Tribal Government & News

Tribe receives $500,000 grant to build transitional housing

03.31.2011 Ron Karten Housing

At a time when budget cutting is the loudest mantra coming out of Washington, D.C., the Grand Ronde Tribe received a $500,000 Indian Community Development Block Grant from the U.S. Department of Housing and Urban Development.

The award to the Tribe was among competitive grants to Tribes and Alaska Native villages totaling $33.6 million.

The block grant will be used to design and build a transitional housing facility for women who have graduated from alcohol and drug treatment programs.

"We have a significant need for transitional housing for women in our community," Tribal Chairwoman Cheryle A. Kennedy said. "They are women who are completing drug and alcohol rehabilitation and need a home that is safe and helps them continue their commitment to live drug- and alcohol-free.

"It will also help women who are returning to the community after serving time in correctional institutions. They, too, need a place to live that is safe and will give them the shelter and time they need as they put their lives back on track."

The proposed 3,000-square-foot transitional housing project will house women and women with children and assist with their transition back into the community, and seek to break the cycle of addiction using behavioral health, alcohol and drug counseling, post-treatment services and cultural support.

Tribal Planning and Grants Manager Kim Rogers said the decision on the final location for the transitional housing facility has yet to be made.

The estimated total cost is $667,000 with the Tribe paying the other $167,000. Annual operation and maintenance costs are estimated at $30,000. Tribal Council approved the application for the grant in October.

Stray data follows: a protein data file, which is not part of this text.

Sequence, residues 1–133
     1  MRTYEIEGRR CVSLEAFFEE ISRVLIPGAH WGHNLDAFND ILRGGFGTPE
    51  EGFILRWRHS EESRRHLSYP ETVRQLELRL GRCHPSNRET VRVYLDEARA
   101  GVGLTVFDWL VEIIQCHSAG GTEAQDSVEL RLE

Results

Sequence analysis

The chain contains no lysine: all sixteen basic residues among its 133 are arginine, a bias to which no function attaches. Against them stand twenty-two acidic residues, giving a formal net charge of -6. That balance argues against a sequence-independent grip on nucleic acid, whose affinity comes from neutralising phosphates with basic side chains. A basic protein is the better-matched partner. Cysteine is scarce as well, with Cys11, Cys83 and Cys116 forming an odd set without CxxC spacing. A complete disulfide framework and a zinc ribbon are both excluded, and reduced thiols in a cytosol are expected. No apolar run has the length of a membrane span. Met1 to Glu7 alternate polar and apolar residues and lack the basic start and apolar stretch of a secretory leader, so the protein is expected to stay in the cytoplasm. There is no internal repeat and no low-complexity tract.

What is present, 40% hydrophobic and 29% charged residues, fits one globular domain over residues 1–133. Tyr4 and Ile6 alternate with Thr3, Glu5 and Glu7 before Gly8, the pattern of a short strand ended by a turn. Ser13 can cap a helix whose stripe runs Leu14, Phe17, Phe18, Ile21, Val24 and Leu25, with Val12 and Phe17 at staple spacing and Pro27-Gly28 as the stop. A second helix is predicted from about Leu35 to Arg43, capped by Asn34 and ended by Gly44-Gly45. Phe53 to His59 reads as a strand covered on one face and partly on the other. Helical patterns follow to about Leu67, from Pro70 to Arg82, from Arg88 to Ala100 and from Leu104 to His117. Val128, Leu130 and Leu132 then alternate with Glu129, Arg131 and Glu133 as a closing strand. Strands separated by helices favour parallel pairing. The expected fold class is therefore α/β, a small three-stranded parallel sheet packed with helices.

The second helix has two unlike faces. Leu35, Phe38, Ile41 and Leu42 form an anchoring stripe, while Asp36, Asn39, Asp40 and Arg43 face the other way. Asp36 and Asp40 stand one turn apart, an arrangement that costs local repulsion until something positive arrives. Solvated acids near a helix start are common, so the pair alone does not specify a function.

The Tribe already has a transitional house for men.

Kennedy said the Tribe is "thrilled" to receive the grant for the transitional housing.

"We've received the award from HUD not only because we have a significant need for improved housing and economic development, but because the federal government respects the Tribe's ability to assess community need and to implement solutions for those needs," she said.

"The grant is significant not only because of its size, but because we received it at a time when the federal government is making so many cuts to the budget. All of us have been told not to expect any help from the federal government, but here we are receiving this grant."

Kennedy said the Grand Ronde Tribe received the grant not only because of the need, but because the Tribe has a national reputation for making "wise and efficient" use of federal grant money.

"Our work on the improved Grand Ronde Road is another example of this reputation," she said. "We are able to work with our community partners and state and federal partners."

The Tribe also received approval for a $500,000 youth activity addition that was an amendment of a previous project for recreational facilities since the Tribe was able to build a baseball field and Housing was able to build an outdoor basketball court.

The 2,432-square-foot youth activity addition will be added to the western end of the Tribe's Youth Education Building.

The Tribe will match the grant with $167,000 and estimated operating costs are $16,920 a year. Tribal Council approved applying for the grant amendment in March.

The youth activity addition will give Tribal youth a place to hang out when the Willamina School District goes to four-day school weeks in September.

The Indian Community Development Block Grant program was established in 1977 and supports a wide variety of community development and affordable housing activities for federally recognized Tribes.

"This funding helps our country's Native American and Alaska Native communities improve the living conditions for hard-working families who need the most help," said HUD Secretary Shaun Donovan. "This is an investment to promote neighborhood development, produce affordable housing and create much-needed jobs."